Advocates Call on Mayor to Fund Safe Streets After the Loss of Two Children

Families for Safe Streets' Sufio Russo speaking outside City Hall last night. Photo: David Meyer
Families for Safe Streets’ Sofia Russo speaking outside City Hall last night. Photo: David Meyer

In the wake of two fatal crashes that claimed the lives of children in Queens last week, members of Transportation Alternatives and Families for Safe Streets gathered on the steps of City Hall yesterday evening to call on Mayor de Blasio to increase funding for life-saving street redesigns.

Traffic deaths in NYC are rising this year after declining the first two years of de Blasio’s term. “Vision Zero is off course,” said TA Executive Director Paul Steely White. “It’s just heartbraking to see the numbers creep back up again.”

In Ozone Park last Monday, a motorist killed 13-year-old Jazmine Marin as she crossed Cross Bay Boulevard with a friend on their way to school. Four days later, an unlicensed van driver backed into and killed 8-month-old Navraj Raju as his mother pushed him in a stroller on an Astoria Boulevard sidewalk.

Both fatalities happened in areas identified by DOT as priorities for Vision Zero street redesigns. According to TA, two-thirds of all traffic deaths since the beginning of 2015 have occurred in Vision Zero priority areas.

“The two kids who died last week died on streets that the mayor has already identified as dangerous, but the mayor has not fixed,” White said. “To identify dangerous streets and not fund fixes on those streets — that is not Vision Zero.”

Traffic fatalities reached record lows in the first two years of the de Blasio administration, when the mayor pushed Albany to pass a 25 mph city-wide speed limit and expand the city’s speed camera program. But pedestrian and cyclist fatalities have increased in 2016.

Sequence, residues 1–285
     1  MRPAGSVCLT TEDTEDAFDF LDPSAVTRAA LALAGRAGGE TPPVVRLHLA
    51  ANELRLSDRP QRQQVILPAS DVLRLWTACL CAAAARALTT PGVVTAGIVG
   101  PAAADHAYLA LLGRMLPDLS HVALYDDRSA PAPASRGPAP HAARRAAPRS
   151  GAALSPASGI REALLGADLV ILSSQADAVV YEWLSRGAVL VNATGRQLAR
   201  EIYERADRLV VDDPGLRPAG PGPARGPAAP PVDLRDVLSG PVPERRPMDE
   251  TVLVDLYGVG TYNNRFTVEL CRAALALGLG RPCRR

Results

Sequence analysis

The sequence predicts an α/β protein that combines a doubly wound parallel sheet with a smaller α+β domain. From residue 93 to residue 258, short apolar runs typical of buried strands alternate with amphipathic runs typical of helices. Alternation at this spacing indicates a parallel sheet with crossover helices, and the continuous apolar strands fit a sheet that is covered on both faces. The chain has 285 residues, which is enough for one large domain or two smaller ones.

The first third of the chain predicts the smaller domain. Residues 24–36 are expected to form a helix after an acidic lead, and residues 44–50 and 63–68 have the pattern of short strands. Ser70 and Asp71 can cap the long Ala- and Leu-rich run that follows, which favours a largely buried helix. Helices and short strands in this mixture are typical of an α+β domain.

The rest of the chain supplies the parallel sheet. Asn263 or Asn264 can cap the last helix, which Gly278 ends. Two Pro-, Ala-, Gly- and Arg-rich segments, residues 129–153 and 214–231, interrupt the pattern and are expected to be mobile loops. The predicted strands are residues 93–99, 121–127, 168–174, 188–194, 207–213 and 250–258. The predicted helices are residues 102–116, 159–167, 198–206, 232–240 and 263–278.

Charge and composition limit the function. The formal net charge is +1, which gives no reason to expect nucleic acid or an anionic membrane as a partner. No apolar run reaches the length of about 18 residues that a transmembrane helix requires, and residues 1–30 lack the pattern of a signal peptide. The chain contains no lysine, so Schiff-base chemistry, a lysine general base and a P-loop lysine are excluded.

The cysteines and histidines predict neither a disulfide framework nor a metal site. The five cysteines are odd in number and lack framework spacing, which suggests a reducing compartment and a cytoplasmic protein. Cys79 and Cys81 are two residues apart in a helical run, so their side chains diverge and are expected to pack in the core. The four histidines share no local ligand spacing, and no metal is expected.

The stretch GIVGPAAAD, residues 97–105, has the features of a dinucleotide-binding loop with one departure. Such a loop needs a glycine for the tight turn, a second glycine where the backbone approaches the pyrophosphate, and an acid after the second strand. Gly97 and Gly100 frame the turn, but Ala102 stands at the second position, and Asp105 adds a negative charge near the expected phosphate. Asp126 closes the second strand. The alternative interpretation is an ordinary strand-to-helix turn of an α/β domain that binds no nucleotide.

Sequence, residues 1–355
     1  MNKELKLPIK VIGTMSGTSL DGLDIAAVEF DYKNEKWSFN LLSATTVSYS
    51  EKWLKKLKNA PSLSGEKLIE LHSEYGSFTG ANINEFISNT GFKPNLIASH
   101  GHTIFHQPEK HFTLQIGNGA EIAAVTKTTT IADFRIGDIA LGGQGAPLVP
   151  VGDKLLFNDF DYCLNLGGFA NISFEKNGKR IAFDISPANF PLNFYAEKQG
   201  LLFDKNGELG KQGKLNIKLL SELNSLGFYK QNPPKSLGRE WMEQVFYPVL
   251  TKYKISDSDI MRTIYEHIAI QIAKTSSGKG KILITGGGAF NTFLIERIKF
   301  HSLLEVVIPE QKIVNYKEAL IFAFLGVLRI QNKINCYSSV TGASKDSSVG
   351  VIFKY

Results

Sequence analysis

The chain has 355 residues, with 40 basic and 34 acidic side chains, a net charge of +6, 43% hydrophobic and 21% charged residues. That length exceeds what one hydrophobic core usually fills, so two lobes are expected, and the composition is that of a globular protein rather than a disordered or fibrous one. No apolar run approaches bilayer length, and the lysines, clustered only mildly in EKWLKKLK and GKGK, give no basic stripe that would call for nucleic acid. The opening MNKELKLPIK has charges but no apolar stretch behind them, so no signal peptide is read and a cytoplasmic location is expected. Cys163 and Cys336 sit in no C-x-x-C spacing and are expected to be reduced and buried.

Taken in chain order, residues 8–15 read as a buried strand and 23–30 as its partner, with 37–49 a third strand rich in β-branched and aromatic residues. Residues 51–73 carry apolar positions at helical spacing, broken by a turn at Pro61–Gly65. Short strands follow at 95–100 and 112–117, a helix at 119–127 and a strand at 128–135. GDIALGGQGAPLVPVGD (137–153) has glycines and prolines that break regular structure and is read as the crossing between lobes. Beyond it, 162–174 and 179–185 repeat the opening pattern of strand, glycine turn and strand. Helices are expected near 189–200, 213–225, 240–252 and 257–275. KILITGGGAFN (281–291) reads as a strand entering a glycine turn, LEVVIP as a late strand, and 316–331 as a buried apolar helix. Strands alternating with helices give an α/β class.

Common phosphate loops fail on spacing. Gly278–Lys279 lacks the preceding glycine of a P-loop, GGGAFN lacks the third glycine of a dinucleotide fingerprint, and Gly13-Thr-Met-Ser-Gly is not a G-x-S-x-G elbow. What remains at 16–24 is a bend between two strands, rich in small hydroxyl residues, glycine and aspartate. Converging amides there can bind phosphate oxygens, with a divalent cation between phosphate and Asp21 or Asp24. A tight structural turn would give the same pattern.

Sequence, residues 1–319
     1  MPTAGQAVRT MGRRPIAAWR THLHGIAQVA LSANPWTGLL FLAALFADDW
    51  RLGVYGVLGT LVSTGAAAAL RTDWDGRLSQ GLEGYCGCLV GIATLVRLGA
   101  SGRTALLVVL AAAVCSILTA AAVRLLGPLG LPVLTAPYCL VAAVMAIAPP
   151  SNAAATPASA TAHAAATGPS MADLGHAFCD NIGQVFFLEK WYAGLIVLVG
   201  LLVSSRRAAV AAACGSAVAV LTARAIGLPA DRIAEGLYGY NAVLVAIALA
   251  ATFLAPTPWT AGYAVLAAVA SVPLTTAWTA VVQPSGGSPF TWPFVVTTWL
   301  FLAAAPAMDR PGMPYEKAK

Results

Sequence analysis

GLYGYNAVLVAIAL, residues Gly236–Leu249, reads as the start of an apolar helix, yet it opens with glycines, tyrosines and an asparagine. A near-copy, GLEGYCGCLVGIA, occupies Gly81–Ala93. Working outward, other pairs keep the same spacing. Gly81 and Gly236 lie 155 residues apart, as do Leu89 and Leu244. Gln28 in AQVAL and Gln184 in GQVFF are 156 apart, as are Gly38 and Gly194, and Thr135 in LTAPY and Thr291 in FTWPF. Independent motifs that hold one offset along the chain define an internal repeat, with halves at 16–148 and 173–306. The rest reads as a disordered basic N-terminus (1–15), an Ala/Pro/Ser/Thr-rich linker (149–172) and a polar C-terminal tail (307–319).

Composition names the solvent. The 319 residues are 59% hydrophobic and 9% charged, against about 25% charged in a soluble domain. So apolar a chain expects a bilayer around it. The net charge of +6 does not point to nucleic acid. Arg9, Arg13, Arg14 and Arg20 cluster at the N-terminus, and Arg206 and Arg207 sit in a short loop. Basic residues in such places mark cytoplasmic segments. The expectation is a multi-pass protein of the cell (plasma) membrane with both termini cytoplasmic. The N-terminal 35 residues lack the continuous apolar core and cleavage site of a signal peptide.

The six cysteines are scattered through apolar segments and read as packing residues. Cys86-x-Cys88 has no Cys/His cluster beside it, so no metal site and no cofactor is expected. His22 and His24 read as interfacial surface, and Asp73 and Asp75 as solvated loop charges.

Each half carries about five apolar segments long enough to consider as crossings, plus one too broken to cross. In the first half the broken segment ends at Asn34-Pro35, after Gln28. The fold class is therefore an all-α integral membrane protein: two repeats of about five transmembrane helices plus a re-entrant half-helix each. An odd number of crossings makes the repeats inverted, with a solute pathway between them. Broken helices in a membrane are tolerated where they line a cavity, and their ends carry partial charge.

Despite the continued carnage, the mayor has declined the City Council’s requests for increased funding for DOT street redesigns. White and Families for Safe Streets’ Sofia Russo, whose daughter Ariel was killed by a curb-jumping driver in Manhattan in 2013, said they hope the mayor changes course in his next budget, a preliminary version of which will be released in January.

“If our elected officials are really serious about Vision Zero, we need them to support this inititive with real resources and funding,” Russo said. “We pray for [families who have lost loved ones] and we know their pain, but this is not enough. We have to fight for safer streets.”

Families for Safe Streets and TA will return to City Hall later this month for the World Day of Remembrance for Road Traffic Victims.

At the same event last year, Mayor de Blasio promised to take Vision Zero “a lot farther” in 2016. This year, activists are demanding he back that promise with real resources.

“Early on [in his term], the mayor was listening,” White said yesterday. “We’re not so sure that mayor is listening any more.”

  • Riddley_Walker

    You assess a city’s priorities not by looking at its mission statement, but by looking at its budget.

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